Placing Tempdb on Solid State Drive (SSD) – Is it a good practice?

Great performance benefits for a resource starved system can come from disc system. Hence DBA or Analysts are often focused to choose appropriate disc systems while designing a database server. As we know tempdb can be a huge bottleneck for a SQL Server system involving huge I/O, it always deserves great attention.

Here I will discuss advantages and disadvantages of placing tempdb on solid state drive and then share my approach on this dilemma as conclusion.


  1. Solid state drive is way faster than classic drives. So if you are facing tempdb bottleneck for I/O, placing tempdb on solid state drive will give you immense benefit.


  1. Cost of solid state drive is still high compared to classic drives.
  2. Solid state drive is not easily attachable with multiple computers (unlike SAN). So if you are planning to place tempdb on a solid state drive for a cluster, technically you can do (by tricking cluster) it but it will be a single point of failure. This means if solid state drive fails, it will force a failover. Also tricking a cluster by adding non-standard component may force Microsoft PSS not to support you in a serious condition. (Hopefully this support limitation will go away soon. I recommend referring to Microsoft’s support policy for up-to-date information on this.)
  3. As of now, Solid state drive has a limitation of maximum number of write possible on it. However it is a very high number and unlikely to impact your drive (server) even if it is really busy with lots of I/O on tempdb.


I prefer to place tempdb (on servers where tempdb I/O is a serious bottleneck) on solid state drive as long as I am sure that I will get huge performance benefit. However I always take below defensive steps while incorporating solid state drive the system:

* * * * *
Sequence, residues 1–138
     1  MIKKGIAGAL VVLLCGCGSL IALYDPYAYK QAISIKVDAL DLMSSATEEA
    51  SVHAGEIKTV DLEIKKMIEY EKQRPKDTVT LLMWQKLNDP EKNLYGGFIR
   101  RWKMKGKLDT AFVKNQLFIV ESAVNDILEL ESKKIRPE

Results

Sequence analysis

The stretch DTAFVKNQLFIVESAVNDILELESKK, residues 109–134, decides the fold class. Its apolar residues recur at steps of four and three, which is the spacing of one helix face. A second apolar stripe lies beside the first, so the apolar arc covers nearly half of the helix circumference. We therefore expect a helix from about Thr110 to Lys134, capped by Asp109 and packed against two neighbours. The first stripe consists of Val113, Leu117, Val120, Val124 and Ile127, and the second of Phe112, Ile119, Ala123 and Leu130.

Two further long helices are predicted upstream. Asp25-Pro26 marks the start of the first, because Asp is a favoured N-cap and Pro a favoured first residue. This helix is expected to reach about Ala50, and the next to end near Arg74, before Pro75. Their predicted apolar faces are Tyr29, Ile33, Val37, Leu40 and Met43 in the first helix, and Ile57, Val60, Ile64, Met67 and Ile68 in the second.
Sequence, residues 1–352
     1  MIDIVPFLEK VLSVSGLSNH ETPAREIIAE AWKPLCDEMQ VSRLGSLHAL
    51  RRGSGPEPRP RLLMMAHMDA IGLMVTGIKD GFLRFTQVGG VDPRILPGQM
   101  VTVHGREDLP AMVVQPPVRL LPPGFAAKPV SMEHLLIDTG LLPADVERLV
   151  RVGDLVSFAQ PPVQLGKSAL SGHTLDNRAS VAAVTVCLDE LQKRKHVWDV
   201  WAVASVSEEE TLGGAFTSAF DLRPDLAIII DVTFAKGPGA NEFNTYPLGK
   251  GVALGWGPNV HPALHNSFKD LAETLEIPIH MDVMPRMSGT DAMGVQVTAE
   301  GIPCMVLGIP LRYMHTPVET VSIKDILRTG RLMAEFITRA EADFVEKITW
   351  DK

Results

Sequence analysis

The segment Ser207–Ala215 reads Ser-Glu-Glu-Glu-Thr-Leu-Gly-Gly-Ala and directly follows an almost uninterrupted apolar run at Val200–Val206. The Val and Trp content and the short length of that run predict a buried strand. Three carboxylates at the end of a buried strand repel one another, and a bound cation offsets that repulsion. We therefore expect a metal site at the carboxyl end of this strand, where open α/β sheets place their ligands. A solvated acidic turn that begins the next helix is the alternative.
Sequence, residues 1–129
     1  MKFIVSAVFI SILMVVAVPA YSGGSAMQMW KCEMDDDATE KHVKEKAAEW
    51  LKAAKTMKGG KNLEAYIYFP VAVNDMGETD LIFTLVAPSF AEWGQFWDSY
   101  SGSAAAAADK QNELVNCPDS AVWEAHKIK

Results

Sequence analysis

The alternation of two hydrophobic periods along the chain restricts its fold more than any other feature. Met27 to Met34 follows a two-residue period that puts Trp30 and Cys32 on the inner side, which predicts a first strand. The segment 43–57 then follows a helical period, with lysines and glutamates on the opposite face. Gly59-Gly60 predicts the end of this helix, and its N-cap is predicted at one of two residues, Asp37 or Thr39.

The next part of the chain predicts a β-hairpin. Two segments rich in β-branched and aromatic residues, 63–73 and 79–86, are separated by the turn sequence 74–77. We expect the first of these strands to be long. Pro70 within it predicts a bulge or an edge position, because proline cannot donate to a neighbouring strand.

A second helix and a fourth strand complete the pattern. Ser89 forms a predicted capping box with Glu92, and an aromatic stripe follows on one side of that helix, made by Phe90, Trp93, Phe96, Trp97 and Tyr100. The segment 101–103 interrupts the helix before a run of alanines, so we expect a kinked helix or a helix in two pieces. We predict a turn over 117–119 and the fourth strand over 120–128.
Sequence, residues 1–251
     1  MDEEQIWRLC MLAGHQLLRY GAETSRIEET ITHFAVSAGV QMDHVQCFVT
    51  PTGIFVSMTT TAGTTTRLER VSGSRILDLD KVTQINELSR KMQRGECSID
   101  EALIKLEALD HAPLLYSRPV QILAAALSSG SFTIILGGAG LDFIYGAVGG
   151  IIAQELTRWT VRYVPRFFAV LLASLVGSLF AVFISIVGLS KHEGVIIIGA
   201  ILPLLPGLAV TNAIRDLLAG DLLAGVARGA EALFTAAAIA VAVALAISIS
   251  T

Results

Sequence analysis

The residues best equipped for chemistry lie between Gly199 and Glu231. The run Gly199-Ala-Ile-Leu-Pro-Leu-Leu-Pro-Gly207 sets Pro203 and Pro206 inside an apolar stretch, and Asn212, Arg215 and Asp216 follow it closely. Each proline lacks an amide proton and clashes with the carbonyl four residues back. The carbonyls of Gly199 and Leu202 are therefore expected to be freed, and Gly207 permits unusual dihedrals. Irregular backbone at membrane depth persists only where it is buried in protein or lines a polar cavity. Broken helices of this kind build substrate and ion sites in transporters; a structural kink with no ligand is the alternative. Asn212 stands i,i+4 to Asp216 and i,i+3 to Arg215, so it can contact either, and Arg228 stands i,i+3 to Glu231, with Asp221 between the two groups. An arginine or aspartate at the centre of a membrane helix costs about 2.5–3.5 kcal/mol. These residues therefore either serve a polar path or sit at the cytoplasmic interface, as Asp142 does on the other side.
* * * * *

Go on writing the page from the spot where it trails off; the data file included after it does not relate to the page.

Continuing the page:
1. Explain every stakeholder about the advantage of using this expensive system.  
  2. If this is a clustered system, advice every stakeholder about the trade-off of accepting single point of failure in a cluster for a much better performance. Also make sure that each node of the cluster supports same drive/file path visibility so that tempdb can be rebuilt immediately if a failover occurs. This ensures SQL Cluster really does not loose its high-availability feature even if Solid state drive fails on active node.

So to conclude, it is you who needs to take a final call to place your tempdb on a solid state drive. While it sounds placing tempdb on a cluster can be little tricky, it will give you immense benefit if your system is really grinded for huge I/O from tempdb. However you must have enough business justification and planning to adopt this expensive practice for your system.